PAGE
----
Ernest Hemingway once quipped that change often comes gradually before arriving suddenly. The pace of change in certain sectors of civil litigation in 2022 gives credence to these words. Here, we look at some of the more notable changes introduced this year and the effect they are likely to have on dispute resolution for the future.
Chief amongst these is the approval by the Irish Government of draft legislation to transpose a recent EU Directive which will, for the first time, permit class action lawsuits in Ireland. Until now, no formal mechanism existed for a group of litigants to consolidate their claims against an alleged wrongdoer. Many have argued that this provides a barrier for injured parties to collectively seek justice, as well as being an unnecessary burden on hard pressed court resources. We examine the scope of the proposed legislation, how it will take effect and what its likely impact on collective redress actions will be in the future.
Closely linked to the issue of class action is that of third-party litigation funding. The Law Society of Ireland has indicated that changes are expected both at a national and EU level. These changes would allow third parties to fund litigation, often in the form of class actions, on behalf of plaintiffs who cannot afford to take legal proceedings and are therefore denied access to justice. This would allow authorised, regulated litigation funders to invest in litigation in the same way they could invest in a company, offering capital at the outset in exchange for a share of the award at the end. We review the proposed changes and what regulation may be required if and when implemented.
Defamation law in Ireland has long been viewed as outdated and unsuitable for the modern digital age. Advances in technology mean that potentially defamatory material can be instantly distributed to millions of people via the internet, posing questions as to who is liable for any harm caused. Now, in the first significant update since 2009, the Department of Justice has made a number of recommendations to defamation law in Ireland. These are expected to be soon collated into a Bill for consideration by the legislature. We consider the Department’s recommendations and what impact they are likely to have on defamation suits in this jurisdiction.
Funding for the Party
Ask the loser (or even the winner) of High Court litigation and they will tell you it can be a costly experience. So much so, that injured parties are often unable to litigate a dispute, even if they have a strong and legitimate case. Third party litigation funders may soon be stepping in to assist these parties. Although not exactly benevolent white knights, nobly battling for justice on behalf of the needy - these funders take a share of any court-awarded damages - they present a viable solution for certain litigants and are long established in other jurisdictions. We consider the benefits of third party funding and also, the necessary regulation required to make it work.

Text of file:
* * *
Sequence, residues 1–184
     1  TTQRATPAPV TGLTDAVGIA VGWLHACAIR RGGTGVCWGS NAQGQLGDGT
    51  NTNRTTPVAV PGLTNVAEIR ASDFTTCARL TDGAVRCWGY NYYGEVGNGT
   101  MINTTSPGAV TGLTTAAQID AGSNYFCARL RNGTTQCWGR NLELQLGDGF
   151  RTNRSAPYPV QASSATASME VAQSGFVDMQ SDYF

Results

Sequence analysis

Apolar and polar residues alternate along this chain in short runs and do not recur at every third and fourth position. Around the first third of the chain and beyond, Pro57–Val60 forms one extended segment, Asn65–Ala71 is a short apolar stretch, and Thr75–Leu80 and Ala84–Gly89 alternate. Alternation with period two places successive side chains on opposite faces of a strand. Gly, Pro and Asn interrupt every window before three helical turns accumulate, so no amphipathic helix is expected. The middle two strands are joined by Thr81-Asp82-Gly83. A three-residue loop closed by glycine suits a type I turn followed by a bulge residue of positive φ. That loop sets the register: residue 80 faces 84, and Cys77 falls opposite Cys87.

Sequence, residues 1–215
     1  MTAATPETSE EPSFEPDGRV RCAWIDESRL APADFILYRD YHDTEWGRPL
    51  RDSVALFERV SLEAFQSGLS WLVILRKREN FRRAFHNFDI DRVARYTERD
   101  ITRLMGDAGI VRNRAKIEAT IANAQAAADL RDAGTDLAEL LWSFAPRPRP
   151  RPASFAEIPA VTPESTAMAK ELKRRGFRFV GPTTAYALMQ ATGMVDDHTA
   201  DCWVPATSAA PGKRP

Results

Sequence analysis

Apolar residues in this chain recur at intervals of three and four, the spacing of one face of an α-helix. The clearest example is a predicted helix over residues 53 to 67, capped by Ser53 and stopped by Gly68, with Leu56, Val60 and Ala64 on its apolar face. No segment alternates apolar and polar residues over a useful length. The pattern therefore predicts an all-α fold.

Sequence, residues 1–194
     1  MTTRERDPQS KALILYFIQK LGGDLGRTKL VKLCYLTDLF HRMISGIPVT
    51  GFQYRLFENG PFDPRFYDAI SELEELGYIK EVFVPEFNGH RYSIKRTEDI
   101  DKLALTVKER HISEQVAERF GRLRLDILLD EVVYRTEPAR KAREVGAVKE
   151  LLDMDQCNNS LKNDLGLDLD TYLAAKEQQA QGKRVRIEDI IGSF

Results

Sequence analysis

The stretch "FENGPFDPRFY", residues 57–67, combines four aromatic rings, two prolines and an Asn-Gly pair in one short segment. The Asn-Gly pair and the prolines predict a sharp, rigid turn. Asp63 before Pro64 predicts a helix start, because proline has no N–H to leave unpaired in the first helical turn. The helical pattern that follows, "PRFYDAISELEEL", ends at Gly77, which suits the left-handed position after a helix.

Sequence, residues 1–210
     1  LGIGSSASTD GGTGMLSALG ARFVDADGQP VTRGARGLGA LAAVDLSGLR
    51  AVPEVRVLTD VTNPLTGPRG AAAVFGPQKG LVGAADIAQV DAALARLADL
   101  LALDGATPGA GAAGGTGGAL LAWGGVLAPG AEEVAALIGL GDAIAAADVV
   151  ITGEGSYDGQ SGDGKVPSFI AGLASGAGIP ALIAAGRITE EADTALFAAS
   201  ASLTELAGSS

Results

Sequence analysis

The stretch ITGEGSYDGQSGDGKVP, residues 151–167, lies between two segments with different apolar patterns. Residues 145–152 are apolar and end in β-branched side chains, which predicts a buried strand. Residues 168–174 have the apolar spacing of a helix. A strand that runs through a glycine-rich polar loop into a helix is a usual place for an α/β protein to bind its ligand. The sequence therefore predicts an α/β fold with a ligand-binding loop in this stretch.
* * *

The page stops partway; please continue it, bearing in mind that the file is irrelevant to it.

Read the full article: Third Party Litigation Funding in Ireland - Finally Change?
New to the Class – Collective Litigation Actions
What do Big Tobacco, Volkswagen and Enron have in common? Each was ordered by US courts to pay out billions of dollars to aggrieved customers who had suffered harm as a result of the company’s actions. Given the common cause of action, it seems logical that the plaintiffs in these cases were joined together and effectively had their claim heard as a single case in court. Such a mechanism, known as a “class action”, is not currently possible in Ireland.
This is now going to change next year as the Irish government will implement an EU Directive allowing class actions to take place. We look at how these plaintiffs will be represented and the various ways in which they will be able to seek justice.
Read the full article: Class Actions in Ireland?
Oscar Wilde said that no man is rich enough to buy back his past, but surely some value can be placed on a good name in the present?
Defamation law has long been due an update due to the myriad means by which defamatory information can be spread, some of which could not even have been imagined in 2009 when the most recent legislation was enacted. The internet has forever changed the spread of information and defamation law is racing to keep up. We examine the proposed updates and ask ourselves, can the value of a good reputation be quantified?
Read the full article: The Value of a Good Name
Our team has unrivalled experience in acting for clients in all types of high value and complex commercial disputes. For more information on how we can assist your organisation in managing and successfully resolving disputes in 2023, contact Maurice Phelan or another member of our Dispute Resolution team.
The content of this article is provided for information purposes only and does not constitute legal or other advice.